7.6/10
46,720
200 user 285 critic

Cold War (2018)

Zimna wojna (original title)
Trailer
1:50 | Trailer
In the 1950s, a music director falls in love with a singer and tries to persuade her to flee communist Poland for France.

Director:

Pawel Pawlikowski

Writers:

Pawel Pawlikowski (story), Pawel Pawlikowski (screenplay) | 2 more credits »
Reviews
Popularity
3,352 ( 64)
Nominated for 3 Oscars. Another 45 wins & 113 nominations. See more awards »

Videos

Photos

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Cast

Cast overview, first billed only:
Joanna Kulig ... Zula
Tomasz Kot ... Wiktor
Borys Szyc ... Kaczmarek
Agata Kulesza ... Irena
Cédric Kahn ... Michel
Jeanne Balibar ... Juliette
Adam Woronowicz ... Consul
Adam Ferency ... Minister
Drazen Sivak Drazen Sivak ... Sleuth 1
Slavko Sobin ... Sleuth 2
Aloïse Sauvage ... Waitress
Adam Szyszkowski ... Guard
Anna Zagórska Anna Zagórska ... Ania
Tomasz Markiewicz Tomasz Markiewicz ... Leader of ZMP
Izabela Andrzejak Izabela Andrzejak ... Mazurek
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Storyline

A passionate love story between two people of different backgrounds and temperaments, who are fatefully mismatched and yet condemned to each other. Set against the background of the Cold War in the 1950s in Poland, Berlin, Yugoslavia and Paris, the film depicts an impossible love story in impossible times.

Plot Summary | Plot Synopsis

Taglines:

Love has no borders.


Motion Picture Rating (MPAA)

Rated R for some sexual content, nudity and language | See all certifications »

Parents Guide:

View content advisory »
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Did You Know?

Trivia

The first film since Foxcatcher (2014) and only the second film overall to earn an Academy Award nomination for Best Director, while not earning one for Best Picture, since the Academy increased the number of Best Picture nominees to more than five in 2009. See more »

Quotes

Zula: Are you interested in me, because I have a talent or in general?
See more »

Connections

Referenced in AniMat's Crazy Cartoon Cast: Oscars 2019 Recap (2019) See more »

Soundtracks

Love For Sale
Music by Cole Porter
Performed by Miles Davis
(from the 1930 musical 'The New Yorkers')
See more »

User Reviews

 
Completely engrossing and stunningly beautiful. An arthouse masterpiece.
4 September 2018 | by markgormanSee all my reviews

The first thing to state about this beautiful movie is that it's monochrome. So stunningly so that at times you feel you are in a photographic gallery rather than a cinema. The quality of the cinematography is quite extraordinary thanks to Lucas Zal.

It's also in 4:3 format. Not the square format of Instagram, but close.

We don't see 4:3 very often these days but Wes Anderson used it to immense effect in Grand Budapest Hotel and so did Lazslo Melis in Son of Saul.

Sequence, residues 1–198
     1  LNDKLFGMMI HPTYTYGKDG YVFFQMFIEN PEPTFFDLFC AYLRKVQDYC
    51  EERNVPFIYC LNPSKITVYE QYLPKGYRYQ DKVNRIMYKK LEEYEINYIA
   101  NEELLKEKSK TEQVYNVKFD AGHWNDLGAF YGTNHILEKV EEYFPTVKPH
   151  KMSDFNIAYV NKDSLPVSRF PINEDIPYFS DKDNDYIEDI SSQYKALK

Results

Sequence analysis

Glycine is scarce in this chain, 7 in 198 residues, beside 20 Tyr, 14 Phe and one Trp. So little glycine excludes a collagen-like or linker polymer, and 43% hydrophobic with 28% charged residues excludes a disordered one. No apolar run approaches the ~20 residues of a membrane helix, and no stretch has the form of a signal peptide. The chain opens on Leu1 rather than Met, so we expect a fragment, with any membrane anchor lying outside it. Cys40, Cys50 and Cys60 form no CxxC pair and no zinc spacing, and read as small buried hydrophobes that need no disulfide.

It's an engaging format that draws you in. It suggests a time before cinemascope (16:9 etc) and only really works in period cinema of a time.

This time.

But it also lends itself to incredible framing, such as when our female protagonist floats down a river gradually disappearing out of shot, and later in the movie when the chief protagonists leave a bus and walk out of frame in a composition that Henri Cartier Breson would be proud of.

It's one of the most beautiful movies I've seen in many years.

In truth that's probably its biggest strength.

It is, but it isn't really, narrative driven. More episodic than story driven but it does tell a tale about director Pawel Pawlikowski's parents' love affair set against the Cold War backdrop in his native Poland.

It's fairly sordid in a way (his mother was abused by her father as a child) but without anything shocking to see.

Imagine, yes.

The two leads ( Joanna Kulig and Tomasz Kot) are magnificent. Brooding, beautiful (although unconventionally so) and real.

Lucas Zal has a great time dwelling on three particular things. Crowd shots. Amazing, Dance sequences. Amazing. Joanna Kulig (the lead). Amazing.

In particular, Joanna Kulig has a stand out performance. She's not one to show her enjoyment in life. Sullen most would say. But it is an immense performance.

It's a love story, set against the challenges that Cold War Poland put in front of people of artistic belief where communist doctrine made creativity very difficult.

What Pawel Pawlikowski achieves is a mood piece of exemplary, peerless really, detail.

And it's a musical.

I was constantly drawn to comparing it to La La Land, yet it is so NOT La La Land. Partly it's down to Kulig who shares the unorthodox looks (beauty) of Emma Stone. Partly it's the framing of Zal.

And the music fuses from Polish country folk to French basement jazz (which La La Land would have been so comfortable with).

This is an Oscar nomination shoe in. It's absolutely brilliant.

And, at 88 minutes, certainly does not outstay its welcome.

Bravo!

A Straight 10 from me.


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Details

Country:

Poland | UK | France | Belgium

Release Date:

8 June 2018 (Poland) See more »

Also Known As:

Cold War See more »

Filming Locations:

Lódz, Lódzkie, Poland See more »

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Box Office

Budget:

EUR4,300,000 (estimated)

Opening Weekend USA:

$54,353, 23 December 2018

Gross USA:

$4,580,048

Cumulative Worldwide Gross:

$20,343,051
See more on IMDbPro »

Company Credits

Show more on IMDbPro »

Technical Specs

Runtime:

Sound Mix:

Dolby Digital

Color:

Black and White (ACES)

Aspect Ratio:

1.37 : 1
See full technical specs »

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